"Fundamental Indexing" has made waves in the investment management community over the past year and a half, with assets invested climbing from $100 million at the end of 2004 to about $4 billion today. Even its critics -- notably Vanguard founder Jack Bogle
and Princeton economist Burt Malkiel
-- concede it's getting results in terms of returns. But, they argue, capitalization-weighted indices still make more sense in the big picture.
For Rob Arnott
and his associates at Research Affiliates
, Fundamental Indexing means you might be able to exploit the market's zero-sum game after all. Billed as a way to escape the perils of over- and under-valuation in the stock market, it works by weighting investment picks not according to market capitalization, but by any one of a number of "fundamental" indicators of size -- such as book value, sales, or even number of employees
Any method that determines weighting by size -- independent of market valuation -- will bring markedly better results, said Arnott. Cap-weighting "has a structural inherent flaw that pulls its returns down," he said in an interview with the MFWire
Previous versions of the concept went nowhere because they missed a key element: selecting companies on a fundamental basis, as well as weighting them that way. "If you omit the first part of that, you have a growth bias," he explained.
But in a growth-dominated market, cap-weighted indices prevail, as Arnott admits. This is one of a number of cautions and criticisms leveled at the Fundamental Indexing posse by Bogle and Malkiel in a June 27 Wall Street Journal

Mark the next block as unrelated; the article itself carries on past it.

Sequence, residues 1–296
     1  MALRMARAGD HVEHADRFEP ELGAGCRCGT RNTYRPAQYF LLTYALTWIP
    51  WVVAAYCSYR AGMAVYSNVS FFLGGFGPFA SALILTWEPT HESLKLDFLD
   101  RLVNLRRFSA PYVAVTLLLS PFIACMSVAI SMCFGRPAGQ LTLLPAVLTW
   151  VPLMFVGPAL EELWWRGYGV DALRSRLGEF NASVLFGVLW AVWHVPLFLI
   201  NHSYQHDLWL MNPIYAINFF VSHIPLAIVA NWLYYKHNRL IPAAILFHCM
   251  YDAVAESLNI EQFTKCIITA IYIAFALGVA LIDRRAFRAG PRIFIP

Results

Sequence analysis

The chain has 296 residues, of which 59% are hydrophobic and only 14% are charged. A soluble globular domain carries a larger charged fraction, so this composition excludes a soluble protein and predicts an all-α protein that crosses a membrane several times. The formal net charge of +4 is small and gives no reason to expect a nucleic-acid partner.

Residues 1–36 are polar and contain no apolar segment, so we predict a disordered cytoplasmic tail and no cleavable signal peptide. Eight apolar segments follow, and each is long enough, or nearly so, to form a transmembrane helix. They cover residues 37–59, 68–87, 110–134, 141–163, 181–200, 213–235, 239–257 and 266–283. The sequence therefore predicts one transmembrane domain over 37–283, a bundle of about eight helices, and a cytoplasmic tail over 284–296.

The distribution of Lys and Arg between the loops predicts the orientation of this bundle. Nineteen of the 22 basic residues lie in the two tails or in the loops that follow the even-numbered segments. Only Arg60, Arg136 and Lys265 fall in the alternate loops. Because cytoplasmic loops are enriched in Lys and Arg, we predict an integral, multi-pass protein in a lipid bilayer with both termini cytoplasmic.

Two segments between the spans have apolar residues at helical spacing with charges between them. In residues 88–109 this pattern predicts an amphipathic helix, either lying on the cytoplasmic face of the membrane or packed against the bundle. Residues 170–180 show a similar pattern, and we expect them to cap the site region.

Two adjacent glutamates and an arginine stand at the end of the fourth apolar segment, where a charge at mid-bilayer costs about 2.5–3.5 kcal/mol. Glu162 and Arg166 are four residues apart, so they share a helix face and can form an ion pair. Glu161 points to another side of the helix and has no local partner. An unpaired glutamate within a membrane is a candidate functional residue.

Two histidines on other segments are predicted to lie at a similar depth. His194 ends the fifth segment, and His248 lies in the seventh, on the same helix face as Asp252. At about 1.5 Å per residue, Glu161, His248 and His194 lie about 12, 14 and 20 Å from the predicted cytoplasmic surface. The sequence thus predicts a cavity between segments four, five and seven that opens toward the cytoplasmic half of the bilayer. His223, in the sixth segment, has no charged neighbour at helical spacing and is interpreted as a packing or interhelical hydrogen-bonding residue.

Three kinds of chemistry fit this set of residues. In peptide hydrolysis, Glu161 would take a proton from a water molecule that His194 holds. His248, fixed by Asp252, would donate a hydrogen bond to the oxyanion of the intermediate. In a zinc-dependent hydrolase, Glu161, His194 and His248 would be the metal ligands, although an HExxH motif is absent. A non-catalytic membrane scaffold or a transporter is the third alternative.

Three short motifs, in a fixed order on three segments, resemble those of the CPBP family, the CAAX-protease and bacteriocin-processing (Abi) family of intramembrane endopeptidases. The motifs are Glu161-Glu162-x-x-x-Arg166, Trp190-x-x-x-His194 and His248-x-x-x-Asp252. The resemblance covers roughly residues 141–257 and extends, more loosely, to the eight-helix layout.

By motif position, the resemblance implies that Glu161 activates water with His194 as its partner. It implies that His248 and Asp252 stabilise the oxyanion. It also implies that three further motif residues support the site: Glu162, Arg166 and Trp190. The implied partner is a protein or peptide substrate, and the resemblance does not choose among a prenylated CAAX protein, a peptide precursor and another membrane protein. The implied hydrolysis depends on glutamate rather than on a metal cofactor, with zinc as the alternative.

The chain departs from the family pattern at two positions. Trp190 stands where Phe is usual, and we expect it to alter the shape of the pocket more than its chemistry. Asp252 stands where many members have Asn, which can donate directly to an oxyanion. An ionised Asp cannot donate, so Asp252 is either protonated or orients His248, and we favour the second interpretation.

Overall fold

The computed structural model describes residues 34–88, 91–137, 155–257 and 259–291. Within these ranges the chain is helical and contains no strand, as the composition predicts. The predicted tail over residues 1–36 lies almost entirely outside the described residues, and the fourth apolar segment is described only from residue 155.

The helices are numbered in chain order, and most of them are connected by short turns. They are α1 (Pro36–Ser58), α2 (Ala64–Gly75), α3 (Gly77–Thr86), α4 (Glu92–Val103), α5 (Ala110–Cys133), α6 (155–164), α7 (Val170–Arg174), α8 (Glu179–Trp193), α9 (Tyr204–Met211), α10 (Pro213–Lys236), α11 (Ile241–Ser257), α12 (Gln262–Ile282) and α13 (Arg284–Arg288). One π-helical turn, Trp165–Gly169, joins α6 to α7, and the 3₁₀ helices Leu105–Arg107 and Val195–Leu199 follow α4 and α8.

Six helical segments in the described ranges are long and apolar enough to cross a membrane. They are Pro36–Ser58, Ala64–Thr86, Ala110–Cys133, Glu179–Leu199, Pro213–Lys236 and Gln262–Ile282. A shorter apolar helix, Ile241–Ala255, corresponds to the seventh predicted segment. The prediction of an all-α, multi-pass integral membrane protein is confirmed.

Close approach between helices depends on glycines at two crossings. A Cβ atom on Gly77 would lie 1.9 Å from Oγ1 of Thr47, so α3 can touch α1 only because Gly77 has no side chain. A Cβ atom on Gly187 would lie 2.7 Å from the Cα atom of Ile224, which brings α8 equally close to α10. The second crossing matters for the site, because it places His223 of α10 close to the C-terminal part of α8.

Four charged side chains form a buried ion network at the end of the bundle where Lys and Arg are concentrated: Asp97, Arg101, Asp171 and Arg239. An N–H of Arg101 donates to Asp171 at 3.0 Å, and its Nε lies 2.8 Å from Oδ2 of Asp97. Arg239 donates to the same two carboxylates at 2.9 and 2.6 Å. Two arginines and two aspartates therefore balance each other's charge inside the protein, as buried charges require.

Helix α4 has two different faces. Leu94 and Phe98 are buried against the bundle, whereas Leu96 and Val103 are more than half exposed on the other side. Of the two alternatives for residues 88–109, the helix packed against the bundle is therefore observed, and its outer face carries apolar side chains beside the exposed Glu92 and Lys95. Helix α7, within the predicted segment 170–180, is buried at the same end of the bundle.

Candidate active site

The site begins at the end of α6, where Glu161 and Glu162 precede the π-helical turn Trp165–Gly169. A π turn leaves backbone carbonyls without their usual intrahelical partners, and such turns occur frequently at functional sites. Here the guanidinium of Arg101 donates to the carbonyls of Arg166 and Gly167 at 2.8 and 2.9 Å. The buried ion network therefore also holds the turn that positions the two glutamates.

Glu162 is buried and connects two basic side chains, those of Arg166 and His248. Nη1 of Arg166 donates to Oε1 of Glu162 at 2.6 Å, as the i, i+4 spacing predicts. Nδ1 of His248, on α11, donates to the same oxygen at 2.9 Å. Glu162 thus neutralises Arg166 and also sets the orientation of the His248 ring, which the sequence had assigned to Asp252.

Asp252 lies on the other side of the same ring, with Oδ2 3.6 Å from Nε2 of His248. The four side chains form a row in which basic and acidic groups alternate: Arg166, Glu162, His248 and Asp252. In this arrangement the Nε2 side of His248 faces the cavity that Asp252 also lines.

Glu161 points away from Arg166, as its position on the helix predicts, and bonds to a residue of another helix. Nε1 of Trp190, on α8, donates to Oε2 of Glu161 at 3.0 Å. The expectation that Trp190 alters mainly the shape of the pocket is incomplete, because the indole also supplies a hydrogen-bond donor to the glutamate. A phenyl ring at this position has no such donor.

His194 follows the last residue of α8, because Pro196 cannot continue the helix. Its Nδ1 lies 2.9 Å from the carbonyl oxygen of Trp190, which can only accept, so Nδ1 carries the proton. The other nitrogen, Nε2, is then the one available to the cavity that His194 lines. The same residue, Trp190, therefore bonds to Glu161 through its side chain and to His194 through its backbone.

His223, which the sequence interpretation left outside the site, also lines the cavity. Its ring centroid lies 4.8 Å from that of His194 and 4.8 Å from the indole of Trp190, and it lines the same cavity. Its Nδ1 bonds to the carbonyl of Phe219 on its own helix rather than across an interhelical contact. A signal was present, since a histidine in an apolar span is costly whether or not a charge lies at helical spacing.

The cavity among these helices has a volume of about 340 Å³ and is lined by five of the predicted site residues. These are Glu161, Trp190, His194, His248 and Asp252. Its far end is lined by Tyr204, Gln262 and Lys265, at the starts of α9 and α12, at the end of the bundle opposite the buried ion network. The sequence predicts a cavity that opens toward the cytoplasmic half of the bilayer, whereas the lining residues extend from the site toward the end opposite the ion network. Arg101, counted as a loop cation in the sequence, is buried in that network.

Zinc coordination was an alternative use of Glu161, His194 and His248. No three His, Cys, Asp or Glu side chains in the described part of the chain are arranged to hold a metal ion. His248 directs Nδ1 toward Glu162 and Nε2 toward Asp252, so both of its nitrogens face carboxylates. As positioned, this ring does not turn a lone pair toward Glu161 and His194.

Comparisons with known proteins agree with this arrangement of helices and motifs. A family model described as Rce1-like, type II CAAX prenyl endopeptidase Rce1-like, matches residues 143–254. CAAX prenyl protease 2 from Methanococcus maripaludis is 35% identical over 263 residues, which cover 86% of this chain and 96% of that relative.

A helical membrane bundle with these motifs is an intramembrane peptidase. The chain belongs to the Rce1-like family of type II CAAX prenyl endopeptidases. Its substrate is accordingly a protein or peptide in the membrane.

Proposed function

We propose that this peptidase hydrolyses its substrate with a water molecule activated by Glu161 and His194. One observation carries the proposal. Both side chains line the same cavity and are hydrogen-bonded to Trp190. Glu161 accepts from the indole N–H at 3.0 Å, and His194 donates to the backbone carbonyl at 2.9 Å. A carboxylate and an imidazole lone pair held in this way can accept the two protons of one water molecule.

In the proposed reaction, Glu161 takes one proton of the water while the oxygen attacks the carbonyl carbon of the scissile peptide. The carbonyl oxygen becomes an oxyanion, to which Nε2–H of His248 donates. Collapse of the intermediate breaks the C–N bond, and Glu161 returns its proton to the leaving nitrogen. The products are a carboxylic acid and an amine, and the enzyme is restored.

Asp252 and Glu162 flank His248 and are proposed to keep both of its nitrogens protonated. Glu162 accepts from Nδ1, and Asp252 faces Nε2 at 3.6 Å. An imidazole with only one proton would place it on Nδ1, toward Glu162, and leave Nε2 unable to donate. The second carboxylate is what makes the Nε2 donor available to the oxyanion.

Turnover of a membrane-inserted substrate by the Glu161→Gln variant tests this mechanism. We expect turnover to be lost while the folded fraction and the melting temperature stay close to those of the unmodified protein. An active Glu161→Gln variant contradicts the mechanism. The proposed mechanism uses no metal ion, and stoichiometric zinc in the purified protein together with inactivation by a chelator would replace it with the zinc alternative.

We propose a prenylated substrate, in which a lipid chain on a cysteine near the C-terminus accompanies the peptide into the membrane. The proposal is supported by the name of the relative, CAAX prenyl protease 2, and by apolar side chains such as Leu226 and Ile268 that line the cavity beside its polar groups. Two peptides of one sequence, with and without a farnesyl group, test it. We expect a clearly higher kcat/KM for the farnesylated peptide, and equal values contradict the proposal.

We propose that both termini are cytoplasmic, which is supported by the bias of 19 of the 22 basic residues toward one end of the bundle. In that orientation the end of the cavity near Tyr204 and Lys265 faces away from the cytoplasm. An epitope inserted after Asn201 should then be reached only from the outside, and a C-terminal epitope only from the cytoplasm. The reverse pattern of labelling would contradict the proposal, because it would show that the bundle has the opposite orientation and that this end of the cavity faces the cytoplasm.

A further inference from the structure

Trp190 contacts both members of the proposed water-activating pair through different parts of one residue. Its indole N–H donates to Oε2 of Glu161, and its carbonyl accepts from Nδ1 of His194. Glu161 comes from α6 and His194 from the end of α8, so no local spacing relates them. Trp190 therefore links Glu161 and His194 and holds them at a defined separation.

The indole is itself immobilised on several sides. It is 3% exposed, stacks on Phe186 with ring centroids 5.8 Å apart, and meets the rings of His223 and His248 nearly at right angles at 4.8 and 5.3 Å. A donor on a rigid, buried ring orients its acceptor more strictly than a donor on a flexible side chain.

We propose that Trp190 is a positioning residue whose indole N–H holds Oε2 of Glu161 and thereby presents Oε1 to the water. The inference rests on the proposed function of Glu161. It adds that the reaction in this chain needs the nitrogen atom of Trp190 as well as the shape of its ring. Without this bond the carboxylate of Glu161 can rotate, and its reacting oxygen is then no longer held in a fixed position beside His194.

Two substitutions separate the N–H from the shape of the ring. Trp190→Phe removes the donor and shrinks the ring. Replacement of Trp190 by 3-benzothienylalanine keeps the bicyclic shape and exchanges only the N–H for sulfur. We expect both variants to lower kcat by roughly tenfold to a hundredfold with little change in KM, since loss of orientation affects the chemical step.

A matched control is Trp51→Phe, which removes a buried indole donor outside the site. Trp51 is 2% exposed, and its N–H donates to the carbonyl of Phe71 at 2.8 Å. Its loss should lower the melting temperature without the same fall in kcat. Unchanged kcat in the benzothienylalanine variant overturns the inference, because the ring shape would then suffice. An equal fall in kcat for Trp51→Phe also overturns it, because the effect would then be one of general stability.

op-ed entitled, Turn on a Paradigm?
. The authors also pointed out that fundamentally weighted indices charge higher management fees associated with frequent realignments, put investors at risk of greater capital gains liability, and may already have "arbitraged away" excess returns.
Most of all, however, Bogle and Malkiel took issue with the idea that fundamental indexing is a "new paradigm" for the index sphere. "There's no question that Rob's fundamental indexing has worked very, very well over the last five years," Malkiel told the MFWire
. "My difference with Rob is the question of why it works."
While Arnott believes the markets are inefficient, Malkiel went on, Arnott's methods involve two factor tilts: "the tilt towards smallness and the tilt towards quote, value, unquote ... the style tilts have a way of reverting to the mean, and I worry a lot that they're not going to work as well in future."
In the present market, with its compressed price-earnings multiples, the difference between growth and value stocks is minimized, he said: "That's the kind of market where this sort of technique will work extremely well." Asked whether the pro-fundamental effect could be described as cyclical, however, Malkiel responded, "It can work for thirty years ... so I don't want to call it cyclical, but I don't want to call it permanent."
While some have charged that his indexing mode is a kind of active management, Arnott points out that in growth periods, fundamentally-weighted indices still trail cap-weighted indices
by less than active value managers. And in contrast to the notion that he's taking a narrow view of investment and return patterns, Arnott sees fundamental indexing as the product of thinking in broadest terms.
"The market is
cap-weighted, so if you want to own the market you have to be cap-weighted. But if you want to own the economy, it's a cleaner way to do that."
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